The chance of failure of a reconstruction is greatest immediately after surgery, when the graft bone has not been incorporated yet. This critical period after reconstruction with bone impaction grafting might be shortened when demineralized bone matrix (DBM) is used. DBM is a product of processed allograft bone and contains collagen, proteins and growth factors [21]. Demineralization of bone theoretically facilitates the release of growth factors which could increase the bioactivity of the graft and positively influence new bone formation and thus the amount of new bone [22,23] which might be of importance during the early critical period.

Another devastating complication following joint replacement surgery is infection. Systemic administered antibiotics are widely used to prevent and cure infection, however these antibiotics cannot easily reach the infected bone in an avascular area [24]. In addition, formation of a biofilm on the surface of the implant makes the systemic administered antibiotics less effective [25]. A solution to achieve high local antibiotic concentrations is to impregnate bone allograft chips with antibiotics. Several studies have shown that morselized bone can act as a carrier for antibiotics [26-32]. These studies show, both in vitro as in vivo, that bone grafts impregnated with antibiotics can be used as a prophylaxis against infections. However, the effectiveness of bone allograft healing in the presence of high levels of antibiotics has yet to be determined.

In this study we combined the local application of bisphosphonate, DBM and antibiotics with allograft bone chips in a bone chamber. The purpose of this study was to investigate the dose-response relation of alendronate-impregnated allograft with respect to the amount of graft bone and the amount of new bone or total bone after 12 weeks. We investigated whether locally applied alendronate has an optimum dose with respect to bone resorption and net bone formation. The second question of this study was whether the addition of DBM to bone chips impregnated with bisphosphonate would stimulate bone formation. Finally, we investigated whether the local application of antibiotics has an effect on bone remodelling.

Methods

Study design

25 mature Dutch female goats (Capra Hircus Sana, range 49-70 kg) bilaterally received four bone chambers in the cortical bone of the proximal medial tibia. The side and position of implantation of the 8 chambers were alternated with a random start. The bone conduction chamber consists of a titanium screw with a cylindrical interior space [33]. It is made up of two threaded half-cylinders held together by a hexagonal closed screw cap. The interior of the chamber has a diameter of 2 mm and a length of 7.5 mm. There are two openings at the end of the chamber to enable bone ingrowth. The threaded end of the implant is screwed into the tibia of the goat, so that the ingrowth openings are in direct contact with the endosteal transition from marrow into bone. Originally developed as a rat model, the bone conduction chamber was adjusted for use in goats [34]. Since the tibial cortex in rats is thinner than in goats, a 1-mm thick plate was inserted into the cap to lower the ingrowth openings through the cortex.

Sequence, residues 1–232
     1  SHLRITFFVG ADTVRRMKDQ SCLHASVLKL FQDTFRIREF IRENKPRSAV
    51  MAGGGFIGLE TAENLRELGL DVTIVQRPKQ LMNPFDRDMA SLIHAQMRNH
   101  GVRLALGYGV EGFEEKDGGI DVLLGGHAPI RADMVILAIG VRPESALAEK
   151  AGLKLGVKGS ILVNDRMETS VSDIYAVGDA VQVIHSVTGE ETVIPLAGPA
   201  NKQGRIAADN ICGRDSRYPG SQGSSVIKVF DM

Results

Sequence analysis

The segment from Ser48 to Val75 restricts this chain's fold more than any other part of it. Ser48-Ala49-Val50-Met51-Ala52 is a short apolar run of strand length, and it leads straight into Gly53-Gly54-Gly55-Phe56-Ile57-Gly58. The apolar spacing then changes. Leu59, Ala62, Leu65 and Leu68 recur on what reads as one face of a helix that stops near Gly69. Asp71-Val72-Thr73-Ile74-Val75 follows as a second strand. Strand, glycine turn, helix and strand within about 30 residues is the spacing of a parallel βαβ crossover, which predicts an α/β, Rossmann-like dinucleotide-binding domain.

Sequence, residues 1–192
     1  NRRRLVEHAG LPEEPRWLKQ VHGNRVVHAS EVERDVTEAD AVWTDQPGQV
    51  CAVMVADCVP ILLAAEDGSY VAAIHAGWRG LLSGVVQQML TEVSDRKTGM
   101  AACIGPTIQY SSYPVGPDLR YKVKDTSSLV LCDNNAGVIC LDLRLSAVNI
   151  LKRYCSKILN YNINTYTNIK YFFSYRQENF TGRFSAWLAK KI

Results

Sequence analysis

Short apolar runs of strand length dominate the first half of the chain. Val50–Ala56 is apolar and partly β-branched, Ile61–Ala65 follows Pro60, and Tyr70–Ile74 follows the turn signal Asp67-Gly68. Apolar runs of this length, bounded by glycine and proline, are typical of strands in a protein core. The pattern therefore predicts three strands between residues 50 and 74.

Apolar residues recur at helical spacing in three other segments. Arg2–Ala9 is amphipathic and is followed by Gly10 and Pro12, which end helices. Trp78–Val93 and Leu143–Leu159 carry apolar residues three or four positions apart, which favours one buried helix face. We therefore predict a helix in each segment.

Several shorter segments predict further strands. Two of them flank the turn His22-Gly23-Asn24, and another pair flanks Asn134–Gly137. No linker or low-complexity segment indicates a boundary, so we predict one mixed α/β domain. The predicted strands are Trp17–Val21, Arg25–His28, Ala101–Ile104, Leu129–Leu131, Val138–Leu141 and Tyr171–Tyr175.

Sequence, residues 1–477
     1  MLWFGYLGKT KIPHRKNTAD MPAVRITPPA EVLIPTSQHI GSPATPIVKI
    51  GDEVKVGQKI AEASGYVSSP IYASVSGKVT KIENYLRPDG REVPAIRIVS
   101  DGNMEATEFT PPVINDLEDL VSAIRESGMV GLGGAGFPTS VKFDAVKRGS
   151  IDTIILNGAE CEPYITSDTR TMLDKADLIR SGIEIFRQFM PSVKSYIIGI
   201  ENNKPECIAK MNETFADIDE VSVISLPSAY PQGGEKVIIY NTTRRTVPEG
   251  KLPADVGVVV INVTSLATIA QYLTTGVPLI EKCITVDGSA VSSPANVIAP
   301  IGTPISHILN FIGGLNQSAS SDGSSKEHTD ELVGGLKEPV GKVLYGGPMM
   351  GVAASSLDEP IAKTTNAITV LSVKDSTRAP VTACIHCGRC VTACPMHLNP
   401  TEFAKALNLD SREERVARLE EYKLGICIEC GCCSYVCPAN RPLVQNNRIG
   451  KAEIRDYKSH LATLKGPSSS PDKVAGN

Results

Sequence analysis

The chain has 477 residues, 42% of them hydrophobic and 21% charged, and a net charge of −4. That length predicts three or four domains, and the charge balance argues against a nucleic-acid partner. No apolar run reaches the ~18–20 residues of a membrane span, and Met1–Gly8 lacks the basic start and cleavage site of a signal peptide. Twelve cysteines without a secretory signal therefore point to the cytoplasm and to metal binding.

Five concentrations of bisphosphonates (0, 0.5, 1, 2, and 10 mg/mL alendronate, Fosamax, MSD) were combined with allograft bone supplemented with antibiotics (200 μg/mL cefazolin) (ALL + AB, ALL + AB + 0.5BIS, ALL + AB + 1BIS, ALL + AB + 2BIS, and ALL + AB + 10BIS). Allograft not supplemented with alendronate and cefazolin served as control (ALL). In addition, allograft mixed with DBM with alendronate (1 mg/mL) (ALL + DBM + BIS) and without alendronate (ALL + DBM) were tested (Table 1). The observation time was 12 weeks.

Table 1. Overview of experimental design

Our sample size calculation was based on the results of a study of Aspenberg and Astrand [9]. The minimal relevant difference of bone formation was set to 27% and based on this study, we assumed the standard deviation on the relative change to be 8%. Two sided α and β were set to be 5% and 10% respectively.

All procedures were approved by our institutional Animal Ethics Committee.

Bone graft preparation

Cancellous bone graft was obtained under sterile conditions from the sternum of three donor goats. Bone grafts were morselized into chips of approximately 1-2 mm, pooled and rinsed with saline with pulse lavage (Pulsavac® Plus, Zimmer, Swindon, UK) for two minutes to remove blood and marrow.

Bone chips were impregnated with 5 ml alendronate (Fosamax, MSD) and/or 5 ml cefazolin solutions for 10 min, then rinsed 3 times in 5 ml saline at room temperature for 3 min. Rinsing was done to remove unbound and excessive alendronate and/or cefazolin. Alendronate solution was prepared by dissolving one 10 mg tablet in 5 ml of saline for 1 h and then passing it through a sterile Millipore filter with a pore size of 0.2 mm. To obtain the different concentrations, this alendronate solution was diluted.

The concentration of cefazolin was 200 μg/mL. This concentration was based on an earlier performed in vitro study, in which the amount of antibiotics on the allograft bone was determined after impregnation of the bone chips with cefazolin [35]. The amount of cefazolin present on the bone chips after rinsing 3 times with saline was determined and appeared to be well above the Minimal Inhibitory Concentration (MIC) for S. Epidermidis and about 1/3 of the amount of cefazolin present on the bone chips without rinsing. Additional data (unpublished) showed that impacting the bone graft chips after impregnation with cefazolin, did not have an effect on the amount of cefazolin present on the bone chips, compared to not impacting the bone chips. Tests were performed according to the protocol as described earlier [35]. According to Edin et al. [36], local levels of cefazolin of 200 μg/mL decrease cell replication, but local levels of 100 μg/mL do not affect the replication of osteoblasts. Freeze-dried DBM (size 80-800 μm) was prepared at DIZG (Deutsches Institut fur Zell- und Gewebeersatz, Berlin, Germany) from the cortical bone of two donor goat femora under sterile conditions. DBM was rehydrated and mixed with the cancellous bone graft chips in a 50/50 volume ratio.